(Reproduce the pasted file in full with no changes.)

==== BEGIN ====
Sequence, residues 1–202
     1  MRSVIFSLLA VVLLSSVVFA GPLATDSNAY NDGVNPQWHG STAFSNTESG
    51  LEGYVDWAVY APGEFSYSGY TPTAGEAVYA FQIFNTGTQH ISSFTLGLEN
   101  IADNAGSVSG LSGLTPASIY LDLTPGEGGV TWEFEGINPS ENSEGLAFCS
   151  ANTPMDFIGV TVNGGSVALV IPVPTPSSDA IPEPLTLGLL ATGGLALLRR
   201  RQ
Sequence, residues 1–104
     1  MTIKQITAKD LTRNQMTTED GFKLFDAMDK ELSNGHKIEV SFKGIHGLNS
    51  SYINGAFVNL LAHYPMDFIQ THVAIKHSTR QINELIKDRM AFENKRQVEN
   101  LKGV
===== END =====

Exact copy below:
Sequence, residues 1–202
     1  MRSVIFSLLA VVLLSSVVFA GPLATDSNAY NDGVNPQWHG STAFSNTESG
    51  LEGYVDWAVY APGEFSYSGY TPTAGEAVYA FQIFNTGTQH ISSFTLGLEN
   101  IADNAGSVSG LSGLTPASIY LDLTPGEGGV TWEFEGINPS ENSEGLAFCS
   151  ANTPMDFIGV TVNGGSVALV IPVPTPSSDA IPEPLTLGLL ATGGLALLRR
   201  RQ
Sequence, residues 1–104
     1  MTIKQITAKD LTRNQMTTED GFKLFDAMDK ELSNGHKIEV SFKGIHGLNS
    51  SYINGAFVNL LAHYPMDFIQ THVAIKHSTR QINELIKDRM AFENKRQVEN
   101  LKGV